- Tattooed Mountain Women and Spoon Boxes of Daghestan
- How Green Were the Nazis?
- D. Di Mascio's Delicious Ice Cream: D. Di Mascio of Coventry; An Ice Cream Company of Repute, with an Interesting and Varied Fleet of Ice Cream Vans
- The Stray Shopping Carts of Eastern North America: A Guide to Field Identification
- Proceedings of the Eighteenth International Seaweed Symposium
- Better Never To Have Been: The Harm of Coming Into Existence
Thursday, March 08, 2007
COMPUTERWORLD has published a trenchant commentary by Brad Friedman. Excerpts:
The report covers the lack of security and reliability standards and testing for all electronic voting systems across the country at the federal, state and local levels. It reveals a system of democracy in utter disarray in the wake of the ill-conceived and ill-administered Help America Vote Act (HAVA) of 2002 and the technological nightmare now facing voting jurisdictions across the United States...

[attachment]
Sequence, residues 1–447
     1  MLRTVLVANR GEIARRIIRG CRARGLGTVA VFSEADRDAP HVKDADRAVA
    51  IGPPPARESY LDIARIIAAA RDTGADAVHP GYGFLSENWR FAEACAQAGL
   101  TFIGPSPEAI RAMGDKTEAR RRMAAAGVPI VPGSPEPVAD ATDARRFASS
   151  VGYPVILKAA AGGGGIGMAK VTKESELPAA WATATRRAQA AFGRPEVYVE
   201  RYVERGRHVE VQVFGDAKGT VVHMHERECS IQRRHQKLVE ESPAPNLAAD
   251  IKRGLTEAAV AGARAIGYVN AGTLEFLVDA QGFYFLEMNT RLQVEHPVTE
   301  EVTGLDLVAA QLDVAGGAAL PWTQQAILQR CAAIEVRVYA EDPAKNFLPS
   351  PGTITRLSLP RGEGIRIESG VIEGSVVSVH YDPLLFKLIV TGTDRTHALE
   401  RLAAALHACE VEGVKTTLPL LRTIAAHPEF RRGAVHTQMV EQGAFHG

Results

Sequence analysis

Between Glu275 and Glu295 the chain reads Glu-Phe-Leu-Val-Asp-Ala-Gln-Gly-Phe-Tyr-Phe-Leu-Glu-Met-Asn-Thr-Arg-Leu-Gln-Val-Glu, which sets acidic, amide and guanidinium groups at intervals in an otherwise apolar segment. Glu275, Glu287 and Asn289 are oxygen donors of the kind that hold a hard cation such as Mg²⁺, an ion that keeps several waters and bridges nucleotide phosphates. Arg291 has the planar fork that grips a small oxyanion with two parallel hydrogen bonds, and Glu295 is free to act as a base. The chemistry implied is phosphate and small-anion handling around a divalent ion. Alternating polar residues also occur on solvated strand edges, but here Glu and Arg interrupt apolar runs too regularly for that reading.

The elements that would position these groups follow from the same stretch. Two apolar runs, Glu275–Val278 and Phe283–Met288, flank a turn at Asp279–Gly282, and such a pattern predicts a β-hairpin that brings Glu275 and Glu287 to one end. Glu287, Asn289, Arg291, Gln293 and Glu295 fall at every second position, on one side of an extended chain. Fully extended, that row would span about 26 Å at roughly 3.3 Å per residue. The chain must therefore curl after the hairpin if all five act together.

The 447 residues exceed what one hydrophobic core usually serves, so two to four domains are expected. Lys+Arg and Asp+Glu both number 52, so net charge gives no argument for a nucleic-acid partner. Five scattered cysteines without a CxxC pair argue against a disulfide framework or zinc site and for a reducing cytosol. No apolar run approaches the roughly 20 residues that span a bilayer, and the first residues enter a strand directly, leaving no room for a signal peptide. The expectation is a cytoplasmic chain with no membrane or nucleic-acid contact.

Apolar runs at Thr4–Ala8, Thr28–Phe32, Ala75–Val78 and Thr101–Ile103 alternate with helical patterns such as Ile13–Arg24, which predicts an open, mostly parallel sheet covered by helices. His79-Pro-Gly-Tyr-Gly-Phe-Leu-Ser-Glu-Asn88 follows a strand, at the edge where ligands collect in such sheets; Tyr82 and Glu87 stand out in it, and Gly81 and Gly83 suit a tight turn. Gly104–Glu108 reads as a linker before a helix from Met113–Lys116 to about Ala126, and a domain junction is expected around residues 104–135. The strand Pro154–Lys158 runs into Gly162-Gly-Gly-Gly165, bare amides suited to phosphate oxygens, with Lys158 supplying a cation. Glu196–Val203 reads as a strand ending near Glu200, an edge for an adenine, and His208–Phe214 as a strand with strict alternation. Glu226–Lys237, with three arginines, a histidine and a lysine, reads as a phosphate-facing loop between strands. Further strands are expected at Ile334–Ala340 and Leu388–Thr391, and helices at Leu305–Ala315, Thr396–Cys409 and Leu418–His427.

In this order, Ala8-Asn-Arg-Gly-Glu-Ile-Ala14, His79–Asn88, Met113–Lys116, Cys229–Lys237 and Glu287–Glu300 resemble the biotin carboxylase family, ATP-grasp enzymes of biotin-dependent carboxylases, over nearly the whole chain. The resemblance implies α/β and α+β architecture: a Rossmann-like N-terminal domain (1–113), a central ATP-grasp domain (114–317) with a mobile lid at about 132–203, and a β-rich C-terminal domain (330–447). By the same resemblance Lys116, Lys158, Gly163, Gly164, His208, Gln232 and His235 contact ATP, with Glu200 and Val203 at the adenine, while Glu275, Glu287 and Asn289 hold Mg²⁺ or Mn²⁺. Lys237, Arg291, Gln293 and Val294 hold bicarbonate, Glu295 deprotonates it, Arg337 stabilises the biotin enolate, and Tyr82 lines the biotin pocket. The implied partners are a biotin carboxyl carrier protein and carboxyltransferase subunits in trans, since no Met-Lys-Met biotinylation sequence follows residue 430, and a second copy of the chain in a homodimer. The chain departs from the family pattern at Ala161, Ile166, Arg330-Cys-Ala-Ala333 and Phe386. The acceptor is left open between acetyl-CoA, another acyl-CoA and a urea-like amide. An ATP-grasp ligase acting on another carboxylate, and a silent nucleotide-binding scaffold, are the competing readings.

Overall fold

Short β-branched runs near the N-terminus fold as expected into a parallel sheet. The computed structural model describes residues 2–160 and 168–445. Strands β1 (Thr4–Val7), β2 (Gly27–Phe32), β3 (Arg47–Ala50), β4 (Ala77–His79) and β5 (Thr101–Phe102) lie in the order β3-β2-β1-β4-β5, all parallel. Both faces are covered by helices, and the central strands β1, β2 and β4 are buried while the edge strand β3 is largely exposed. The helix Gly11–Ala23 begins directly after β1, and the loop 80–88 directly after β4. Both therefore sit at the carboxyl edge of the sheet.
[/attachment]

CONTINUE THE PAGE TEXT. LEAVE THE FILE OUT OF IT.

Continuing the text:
We concluded in 2005 that these concerns have caused problems with recent elections, resulting in the loss and miscount of votes.
Doesn't get much clearer than that, does it...
As well, Hite's report underlined yet again that the e-voting activists once criticized as "conspiracy theorists" have been right all along. It's hard for someone who's been following the trail for years not to break into a chorus of "I told you so," dedicated to the Republicans, Elections Officials, Voting Machine Companies (and a few utterly reckless and reprehensible Democrats to boot) who simply refused to handle the truth...
[E]lectronic voting systems are an undeniably critical link in the overall election chain. While this link alone cannot make an election, it can break one. The problems that some jurisdictions have experienced and the serious concerns that have surfaced highlight the potential for continuing difficulties in upcoming national elections if these challenges are not effectively addressed.
Note the word "effectively" in the above paragraph. Election Reform legislation is not enough; if it's not effective, it's meaningless and sends democracy back over the same cliff over which the process pitched in Florida 2000, Ohio 2004 and Sarasota 2006. Without a DRE ban -- as in Holt's bill if it's not amended -- there's nothing to stop us from heading off
that same cliff all over again in 2008.